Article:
Music and fashion have always gone hand in hand with one another. Both arts draw upon each other for inspiration, separately reflecting messages and culture often born from the same inspiration. Live music can become truly iconic through fashion, adding visual significance to a performance: [insert Elton John, Jimi Hendrix, the Rolling Stones, KISS, the Sex Pistols , Madonna in her Gaultier Cone bra]. Same goes for fashion. Runway shows today blast music (often remixed by industry veterans such as Michel Gaubert) turning this season’s collections into theatrical spectacles. I’ll even go out on a limb here and say one can’t survive without the other (?)
Recently, there has been no music genre with more impact on fashion than hip-hop. Flick through any Vogue magazine and you see today’s biggest rap stars posing in advertisements for the most affluent brands: A$AP Rocky for Dior Hommes (LOEWE, Calvin Klein, Alexander Wang), Pharell Williams for Chanel, Kanye West for Balmain, Travis Scott for Saint Laurent, Anderson Paak for Fendi.
Hip- hop has conquered the ivory tower of luxury fashion.
While today hip hop lends youthful artistry to leading fashion brands, the urban music scene was once at the receiving end of turned up noses and quiet rejection. For example, Burberry was described as “unhappy” with being featured in the 2001 “Always on Time” video by Ja Rule. The brand was in the midst of an identity crisis being associated with British “Chavs” and probably did not want to reinforce an image of being worn on the street or in “the hood”.
So how did Hip- Hop rise to the top of the fashion ladder? As by no means an expert on hip hop, I would say it is down to three key factors: shifting perceptions and influence of hip hop, vast audience potential, and key innovators.
Hip- Hop began in the 1970’s as an underground urban movement from the South Bronx in New York city. It revolved around the effect of legal institutions on minorities such as actions take by police. Poem-like lyrics and bumpin’ beats became a medium for expression, representing African American youth by African American youth. The music was emotionally powerful and over the years shifted from a local context to the suburbs and afterwards grew into a mainstream genre with incredible influence on all races, ages, and genders.
Within many of hip-hop’s songs, the crux revolves around – as Jay Z writes – “Came from the bottom the bottom, to the “Top of the Pops”. Hip hop reflects the achieved or desired excess capitalism offers – no other music genre is as supportive of material goods, whether that be rapping about luxury cars, popping bottles of champagne, or dripping ice (referring to diamonds). This repetitive narrative of the super rich is for most not relatable, however it serves as inspiration for many envisioning a better future, offering hope. Moreover, this source of aspiration provides a sense of escapism. Both rap and fashion offer an escape from the complex reality of life. Maybe you can’t afford taking a cruise in a Bugatti, but you can be part of that world – just press play and put on some swanky jeans.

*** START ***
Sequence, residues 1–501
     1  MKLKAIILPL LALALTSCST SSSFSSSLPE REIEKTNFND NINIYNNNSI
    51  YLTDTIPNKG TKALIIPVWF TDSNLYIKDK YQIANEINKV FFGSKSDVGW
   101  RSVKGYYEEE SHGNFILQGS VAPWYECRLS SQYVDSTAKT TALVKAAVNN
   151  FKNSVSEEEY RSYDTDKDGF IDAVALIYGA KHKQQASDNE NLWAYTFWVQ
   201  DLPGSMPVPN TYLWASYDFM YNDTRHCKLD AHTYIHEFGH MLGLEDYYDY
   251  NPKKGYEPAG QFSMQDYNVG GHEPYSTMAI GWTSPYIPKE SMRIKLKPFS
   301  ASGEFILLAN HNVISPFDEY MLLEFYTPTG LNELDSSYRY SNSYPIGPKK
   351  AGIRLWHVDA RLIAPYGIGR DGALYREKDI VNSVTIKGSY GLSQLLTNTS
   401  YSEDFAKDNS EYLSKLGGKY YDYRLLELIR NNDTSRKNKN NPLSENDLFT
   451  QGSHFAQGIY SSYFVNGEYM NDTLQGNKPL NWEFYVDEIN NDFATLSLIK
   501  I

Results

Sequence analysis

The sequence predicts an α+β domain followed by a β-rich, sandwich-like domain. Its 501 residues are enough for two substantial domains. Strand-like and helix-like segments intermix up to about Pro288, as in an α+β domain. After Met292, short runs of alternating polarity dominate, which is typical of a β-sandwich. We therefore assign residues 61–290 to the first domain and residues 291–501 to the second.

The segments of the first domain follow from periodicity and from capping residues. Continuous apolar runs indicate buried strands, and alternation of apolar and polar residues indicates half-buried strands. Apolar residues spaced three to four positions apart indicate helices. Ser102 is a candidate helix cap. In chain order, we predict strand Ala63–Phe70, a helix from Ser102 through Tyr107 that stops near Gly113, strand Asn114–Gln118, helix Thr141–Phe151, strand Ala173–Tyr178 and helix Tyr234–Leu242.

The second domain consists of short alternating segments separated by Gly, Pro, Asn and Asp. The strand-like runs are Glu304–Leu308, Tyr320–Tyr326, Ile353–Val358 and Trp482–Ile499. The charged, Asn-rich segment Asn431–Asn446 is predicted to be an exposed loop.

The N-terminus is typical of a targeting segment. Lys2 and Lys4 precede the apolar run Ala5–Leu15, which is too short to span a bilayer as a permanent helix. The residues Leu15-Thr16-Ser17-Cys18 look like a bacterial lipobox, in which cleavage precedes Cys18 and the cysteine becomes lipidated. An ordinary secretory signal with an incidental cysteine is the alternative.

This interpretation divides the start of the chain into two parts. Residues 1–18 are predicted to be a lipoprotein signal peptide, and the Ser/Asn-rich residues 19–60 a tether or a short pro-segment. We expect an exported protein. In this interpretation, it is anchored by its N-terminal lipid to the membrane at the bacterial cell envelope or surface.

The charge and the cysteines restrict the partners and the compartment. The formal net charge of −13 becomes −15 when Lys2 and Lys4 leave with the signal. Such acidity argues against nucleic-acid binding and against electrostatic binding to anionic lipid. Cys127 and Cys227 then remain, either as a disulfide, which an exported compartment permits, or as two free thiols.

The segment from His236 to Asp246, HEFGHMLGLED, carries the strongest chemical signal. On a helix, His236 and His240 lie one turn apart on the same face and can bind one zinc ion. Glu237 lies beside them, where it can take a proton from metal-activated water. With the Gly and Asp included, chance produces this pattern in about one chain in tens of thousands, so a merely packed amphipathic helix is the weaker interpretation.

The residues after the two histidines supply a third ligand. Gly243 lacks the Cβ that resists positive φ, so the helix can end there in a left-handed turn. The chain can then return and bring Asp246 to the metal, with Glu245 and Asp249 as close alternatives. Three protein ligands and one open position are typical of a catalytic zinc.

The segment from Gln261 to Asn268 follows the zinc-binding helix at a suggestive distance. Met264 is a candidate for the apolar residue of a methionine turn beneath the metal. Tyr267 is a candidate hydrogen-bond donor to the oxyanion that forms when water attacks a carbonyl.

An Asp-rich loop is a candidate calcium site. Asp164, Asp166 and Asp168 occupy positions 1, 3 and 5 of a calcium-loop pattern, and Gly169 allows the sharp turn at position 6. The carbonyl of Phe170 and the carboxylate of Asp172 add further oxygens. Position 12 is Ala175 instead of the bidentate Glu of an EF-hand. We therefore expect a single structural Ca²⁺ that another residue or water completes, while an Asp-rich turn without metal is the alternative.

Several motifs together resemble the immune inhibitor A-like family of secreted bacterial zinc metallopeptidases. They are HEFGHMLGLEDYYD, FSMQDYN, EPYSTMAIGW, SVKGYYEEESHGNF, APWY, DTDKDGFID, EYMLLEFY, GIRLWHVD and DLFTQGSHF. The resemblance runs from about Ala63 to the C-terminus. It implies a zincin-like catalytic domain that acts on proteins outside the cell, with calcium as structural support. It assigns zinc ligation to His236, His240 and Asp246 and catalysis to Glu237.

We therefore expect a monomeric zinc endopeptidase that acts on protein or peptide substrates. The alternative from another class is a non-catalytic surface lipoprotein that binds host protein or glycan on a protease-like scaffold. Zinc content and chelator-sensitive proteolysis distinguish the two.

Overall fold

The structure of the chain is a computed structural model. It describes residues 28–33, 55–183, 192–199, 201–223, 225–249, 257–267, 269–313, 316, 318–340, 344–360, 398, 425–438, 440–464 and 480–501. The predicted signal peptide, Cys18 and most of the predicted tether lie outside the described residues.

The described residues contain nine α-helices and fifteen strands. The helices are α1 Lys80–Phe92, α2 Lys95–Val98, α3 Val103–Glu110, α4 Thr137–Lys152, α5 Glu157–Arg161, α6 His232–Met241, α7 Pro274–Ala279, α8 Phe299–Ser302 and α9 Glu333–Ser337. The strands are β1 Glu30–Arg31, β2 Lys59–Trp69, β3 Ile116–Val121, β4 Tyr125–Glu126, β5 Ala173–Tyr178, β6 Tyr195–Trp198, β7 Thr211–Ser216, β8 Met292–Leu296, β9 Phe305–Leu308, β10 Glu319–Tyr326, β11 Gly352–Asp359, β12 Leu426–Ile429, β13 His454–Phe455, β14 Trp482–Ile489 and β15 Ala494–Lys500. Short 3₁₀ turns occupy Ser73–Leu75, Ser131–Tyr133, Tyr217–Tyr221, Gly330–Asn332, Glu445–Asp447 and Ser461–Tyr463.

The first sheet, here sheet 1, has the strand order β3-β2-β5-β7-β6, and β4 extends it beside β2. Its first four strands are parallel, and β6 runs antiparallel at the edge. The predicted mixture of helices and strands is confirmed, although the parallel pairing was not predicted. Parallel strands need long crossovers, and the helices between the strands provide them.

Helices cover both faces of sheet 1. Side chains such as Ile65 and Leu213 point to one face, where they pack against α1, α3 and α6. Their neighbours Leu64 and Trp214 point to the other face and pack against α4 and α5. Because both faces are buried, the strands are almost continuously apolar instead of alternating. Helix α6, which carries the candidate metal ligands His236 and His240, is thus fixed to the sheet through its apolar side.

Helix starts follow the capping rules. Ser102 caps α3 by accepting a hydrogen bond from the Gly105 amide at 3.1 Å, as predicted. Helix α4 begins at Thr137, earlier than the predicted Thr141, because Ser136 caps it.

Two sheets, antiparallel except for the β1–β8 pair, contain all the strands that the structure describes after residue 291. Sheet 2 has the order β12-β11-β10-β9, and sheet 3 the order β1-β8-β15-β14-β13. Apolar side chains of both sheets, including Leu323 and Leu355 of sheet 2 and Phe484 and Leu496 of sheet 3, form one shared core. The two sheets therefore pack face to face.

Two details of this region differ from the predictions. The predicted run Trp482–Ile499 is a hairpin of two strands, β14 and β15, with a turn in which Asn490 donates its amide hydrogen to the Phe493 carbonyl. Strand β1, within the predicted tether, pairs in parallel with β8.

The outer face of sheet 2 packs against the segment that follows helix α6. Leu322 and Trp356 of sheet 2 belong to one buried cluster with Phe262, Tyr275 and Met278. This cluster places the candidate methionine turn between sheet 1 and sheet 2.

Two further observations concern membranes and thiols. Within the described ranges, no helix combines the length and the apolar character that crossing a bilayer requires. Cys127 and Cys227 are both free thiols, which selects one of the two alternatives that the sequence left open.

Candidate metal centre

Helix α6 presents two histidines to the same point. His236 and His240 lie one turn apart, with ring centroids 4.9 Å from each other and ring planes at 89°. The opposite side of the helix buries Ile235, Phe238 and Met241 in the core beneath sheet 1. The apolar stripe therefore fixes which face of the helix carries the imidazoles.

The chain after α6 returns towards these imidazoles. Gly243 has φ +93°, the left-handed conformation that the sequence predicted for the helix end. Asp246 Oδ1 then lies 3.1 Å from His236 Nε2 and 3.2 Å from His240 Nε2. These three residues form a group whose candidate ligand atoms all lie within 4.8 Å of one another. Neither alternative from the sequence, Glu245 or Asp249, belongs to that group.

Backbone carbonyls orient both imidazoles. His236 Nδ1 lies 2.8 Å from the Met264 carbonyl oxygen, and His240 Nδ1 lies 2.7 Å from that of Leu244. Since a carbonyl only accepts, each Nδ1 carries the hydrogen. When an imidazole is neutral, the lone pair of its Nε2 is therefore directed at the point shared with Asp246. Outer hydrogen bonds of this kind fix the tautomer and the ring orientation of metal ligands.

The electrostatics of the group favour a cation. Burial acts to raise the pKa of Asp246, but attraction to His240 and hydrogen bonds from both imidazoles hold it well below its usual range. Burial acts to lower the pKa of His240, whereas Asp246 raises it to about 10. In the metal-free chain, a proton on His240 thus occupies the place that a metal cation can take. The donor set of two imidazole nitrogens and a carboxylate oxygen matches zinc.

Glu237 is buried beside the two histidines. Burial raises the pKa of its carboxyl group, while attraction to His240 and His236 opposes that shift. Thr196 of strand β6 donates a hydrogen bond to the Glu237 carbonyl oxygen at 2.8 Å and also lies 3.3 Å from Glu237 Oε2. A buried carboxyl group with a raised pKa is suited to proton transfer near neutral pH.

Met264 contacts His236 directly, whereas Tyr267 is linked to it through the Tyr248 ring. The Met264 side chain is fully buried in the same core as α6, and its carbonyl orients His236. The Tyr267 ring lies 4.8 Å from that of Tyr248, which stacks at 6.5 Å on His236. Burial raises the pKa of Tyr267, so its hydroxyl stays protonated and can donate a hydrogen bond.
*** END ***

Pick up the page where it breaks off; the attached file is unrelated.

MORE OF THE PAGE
So rap appeals to both ends of the audience: those who look up and aspire a luxurious lifestyle as well as the few living that lifestyle and are inspired to copy. A music genre that appeals to an audience from all walks of life. Makes a pretty convincing marketing strategy no?
While hip-hop is arguably seeing the most innovation with sound in recent times, its success within fashion is also thanks to some key innovators.
First and foremost, there is Daniel “Dapper Dan” who in 1982 opened his infamous boutique on 125th Street in New York’s Harlem. The boutique offered outrageous pieces often plastered with fake monogram logos from luxury brands including Louis Vuitton, Gucci and Versace. To little surprise, the brands were less than satisfied and ended up suing the store. While Dapper Dan was ultimately raided and shut down, it directly linked the escapism of fashion with hip-hop and opened the doors for big brands to make most of this opportunity.
It was American label Tommy Hilfiger who first really embraced taping into Hip-hop culture. Hilfiger met the gap of people looking for an aspirational label, representing an affluent lifestyle. In the early 1990s, the rapper Grand Puba started name-dropping Tommy Hilfiger in his songs and wore his clothes on album covers. Hilfiger reacted positively and went on to feature Aaliyah and Usher in advertising campaigns.
Rap artists who strengthened the rap- fashion link include Puff Daddy, Jay Z, Pharell Williams and of course Kanye West, who even went on to become a credible designer and fashion collaborator having created the ever coveted “Yeezy” sneaker.
With every passing season, each new collaboration, every flowering street label the gap between hip-hop and fashion shrinks even more. With high fashion becoming more and more high fashion street wear (think tracksuits, sweatshirts and trainers aka the athleisure phenomenon) the conquest of prêt a porter by hip hop has been made.
As regarded with this season’s AW17 Marc Jacobs collection and most recently Gucci’s resort collection featuring Dapper Dan, who cares about trickle down? High fashion today is born from trickle up…
“Started from the bottom now we’re here.”